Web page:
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Memoirs of William Hazlitt
Ch. XVII 1826-28
William Hazlitt to Charles Cowden Clarke; 7 December 1827

Chap. I 1778-1811
Ch. II: 1791-95
Ch. III 1795-98
Ch. IV 1798
Ch. V 1798
Ch. VI 1792-1803
Ch. VII 1803-05
Ch. VIII 1803-05
Ch. IX
Ch. X 1807
Ch. XI 1808
Ch. XII 1808
Ch. XII 1812
Ch. XIV 1814-15
Ch. XV 1814-17
Ch. XVI 1818
Ch. XVII 1820
Ch. XX 1821
Ch. I 1821
Ch. II 1821-22
Ch. III 1821-22
Ch. IV 1822
Ch. V 1822
Ch. VI 1822
Ch. VII 1822-23
Ch. VIII 1822
Ch. IX 1823
Ch. X 1824
Ch. XI 1825
Ch. XII 1825
Ch. XIII 1825
Ch. XIV 1825
Ch. XV 1825
Ch. XVI 1825-27
Ch. XVII 1826-28
Ch. XVIII 1829-30
Ch. XX
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“Dear Sir,

“I thought all the world agreed with me at present that Buonaparte was better than the Bourbons, or that a tyrant was better than tyranny. In my opinion, no one of an understanding above the rank of a lady’s waiting-maid could ever have doubted this, though I alone said it ten years ago. It might be impolicy then and now for what I know, for the world stick to an opinion in appearance long after they have given it up in reality. I should like to know whether the preface is thought impolitic by some one who agrees with me in the main point, or by some one who differs with me and makes this excuse not to have his opinion contradicted? In Paris (jubes regina renovare dolorem) the preface was thought a masterpiece, the best and only possible defence of Buonaparte, and quite new there! It would be an impertinence in me to write a Life of Buonaparte after Sir W.* without some such object as that expressed in the preface. After all, I do not care a damn about the preface. It will get me on four pages somewhere else. Shall I retract my opinion altogether, and foreswear my own book? Rayner is right to cry out: I think I have tipped him fair and foul copy, a lean rabbit and a fat one. The remainder of vol. ii. will be ready to go on with, but not the beginning of the third. The appendixes had better be at the end of second vol. Pray get them if you can: you have my Sieyes, have you not? One of them is there. I have been nearly in the other world. My regret was ‘to die and leave the world “rough” copy.’ Otherwise I had thought of an epitaph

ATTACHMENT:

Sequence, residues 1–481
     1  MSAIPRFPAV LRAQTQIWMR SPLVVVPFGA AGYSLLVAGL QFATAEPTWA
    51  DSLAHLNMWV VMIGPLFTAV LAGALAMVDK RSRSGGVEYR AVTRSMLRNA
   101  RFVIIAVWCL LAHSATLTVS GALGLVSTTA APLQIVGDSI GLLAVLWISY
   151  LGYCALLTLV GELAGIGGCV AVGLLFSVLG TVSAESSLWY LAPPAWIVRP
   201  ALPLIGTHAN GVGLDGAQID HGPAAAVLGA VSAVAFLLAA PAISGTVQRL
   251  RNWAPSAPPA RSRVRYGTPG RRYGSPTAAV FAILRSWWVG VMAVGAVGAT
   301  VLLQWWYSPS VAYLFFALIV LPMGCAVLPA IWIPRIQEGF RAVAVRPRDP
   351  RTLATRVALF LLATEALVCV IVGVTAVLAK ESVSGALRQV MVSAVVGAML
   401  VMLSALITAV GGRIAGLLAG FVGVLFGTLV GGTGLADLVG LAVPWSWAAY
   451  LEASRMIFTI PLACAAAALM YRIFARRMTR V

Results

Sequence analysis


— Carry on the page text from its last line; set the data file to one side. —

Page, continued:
* Sir Walter Scott.

and a good end. Hic jacent reliquiae mortales
Gulielmi Hazlitt, auctoris non intelligibilis: natus Maidstoniæ in comi[ta]tu Cantiœ, Apr. 10, 1778. Obiit Winterslowe, Dec, 1827. I think of writing an epistle to C. Lamb, Esq., to say that I have passed near the shadowy world, and have had new impressions of the vanity of this, with hopes of a better. Don’t you think this would be good policy? Don’t mention it to the severe author of the ‘Press,’ a poem,* but methinks the idea arridet Hone. He would give sixpence to see me floating, upon a pair of borrowed wings, half way between heaven and earth, and edifying the good people at my departure, whom I shall only scandalize by remaining. At present my study and contemplation is the leg of a stewed fowl. I have behaved like a saint, and been obedient to orders.

Non fit pugil, &c., I got a violent spasm by walking fifteen miles in the mud, and getting into a coach with an old lady who would have the window open. Delicacy, moderation, complaisance, the suaviter in modo, whisper it about, my dear Clarke, these are my faults and have been my ruin.

“Yours ever,
W. H.
“December 7, [1827].

“I can’t go to work before Sunday or Monday. By then the doctor says he shall have made a new man of me.

“Pray how’s your sister?”

[C. Cowden Clarke, Esq.]